a Institute of General Practice and Health Services Research, University of Zurich, Switzerland
b Institute of Biomedical Ethics, University of Zurich, Switzerland
c Helsana Insurance Company, Zurich, Switzerland
Key words: placebo; general practitioners; patients’ perspective; qualitative study
QUESTIONS UNDER STUDY: The use of placebo outside of randomised controlled trials raises ethical and legal issues. So far, patients’ perspectives have been considered only in quantitative studies. These studies did not distinguish between pure placebos (no pharmacological effect) and impure placebos (pharmacological ingredient, but no disease-specific effect). The aim of our study was to explore patients’ conceptualisation, experiences and attitudes regarding the use of placebos in daily clinical practice.
METHODS: Qualitative study with a convenience sample of 12 patients and semistructured interviews. The interviews were digitally recorded; full transcripts were obtained. The information was analysed in accordance with the qualitative content analysis method.
RESULTS: The definition of placebo given by the participants mostly matched the common understanding of a pure placebo. Most participants supposed that placebos were mainly effective in diseases in which psychological influences play an important role. Furthermore, most participants believed that placebos themselves mainly worked via psychological effects. The acceptance of a hypothetical earlier use of a placebo depended on the success of the therapy.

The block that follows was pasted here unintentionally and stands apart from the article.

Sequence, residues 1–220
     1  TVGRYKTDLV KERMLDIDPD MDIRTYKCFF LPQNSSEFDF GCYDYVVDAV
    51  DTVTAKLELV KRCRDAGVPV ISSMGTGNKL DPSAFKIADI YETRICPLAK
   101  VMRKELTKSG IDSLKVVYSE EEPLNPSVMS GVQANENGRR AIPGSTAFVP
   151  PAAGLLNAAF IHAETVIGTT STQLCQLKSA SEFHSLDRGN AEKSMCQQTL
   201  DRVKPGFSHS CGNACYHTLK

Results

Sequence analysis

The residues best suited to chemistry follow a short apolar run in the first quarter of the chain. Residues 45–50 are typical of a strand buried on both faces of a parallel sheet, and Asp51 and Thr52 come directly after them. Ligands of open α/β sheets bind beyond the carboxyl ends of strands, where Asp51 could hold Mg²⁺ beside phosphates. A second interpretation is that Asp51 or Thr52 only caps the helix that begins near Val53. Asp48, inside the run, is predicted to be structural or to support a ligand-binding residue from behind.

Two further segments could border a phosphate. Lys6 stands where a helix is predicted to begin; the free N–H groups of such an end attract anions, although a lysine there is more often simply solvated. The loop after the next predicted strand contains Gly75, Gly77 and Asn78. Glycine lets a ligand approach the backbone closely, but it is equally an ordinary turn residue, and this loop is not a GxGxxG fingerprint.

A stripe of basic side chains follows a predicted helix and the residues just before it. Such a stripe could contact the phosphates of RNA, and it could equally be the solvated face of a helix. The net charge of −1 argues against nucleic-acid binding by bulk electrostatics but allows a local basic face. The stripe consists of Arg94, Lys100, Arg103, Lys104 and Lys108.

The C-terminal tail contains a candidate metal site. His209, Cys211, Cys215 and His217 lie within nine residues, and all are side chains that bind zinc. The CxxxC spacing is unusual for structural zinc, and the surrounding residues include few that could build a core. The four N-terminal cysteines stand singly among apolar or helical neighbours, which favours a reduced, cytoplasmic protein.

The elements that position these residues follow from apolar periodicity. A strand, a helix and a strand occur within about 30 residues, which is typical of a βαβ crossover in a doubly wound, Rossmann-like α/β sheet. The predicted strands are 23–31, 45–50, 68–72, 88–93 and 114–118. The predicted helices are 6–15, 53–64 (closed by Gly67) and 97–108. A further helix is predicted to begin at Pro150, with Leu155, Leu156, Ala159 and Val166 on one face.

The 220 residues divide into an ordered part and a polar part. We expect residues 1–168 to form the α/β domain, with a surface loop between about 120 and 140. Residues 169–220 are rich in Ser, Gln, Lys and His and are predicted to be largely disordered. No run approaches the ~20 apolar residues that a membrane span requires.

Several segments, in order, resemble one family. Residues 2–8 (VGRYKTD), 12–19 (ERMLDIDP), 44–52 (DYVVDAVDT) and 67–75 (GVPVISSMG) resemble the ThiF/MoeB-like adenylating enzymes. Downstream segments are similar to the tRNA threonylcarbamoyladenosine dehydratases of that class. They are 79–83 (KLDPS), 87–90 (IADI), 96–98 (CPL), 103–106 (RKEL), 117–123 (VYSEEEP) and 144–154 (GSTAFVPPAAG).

CONCLUSION: Patients were not aware of the differences between pure and impure placebos. Even regarding pure placebos, patients were more open than many physicians would expect. Trust between the patient and the general practitioner is an important element of the acceptance of a placebo. Appropriate communication could further increase the acceptance. Further research is needed to adapt the information given to the patient about possible placebo therapy.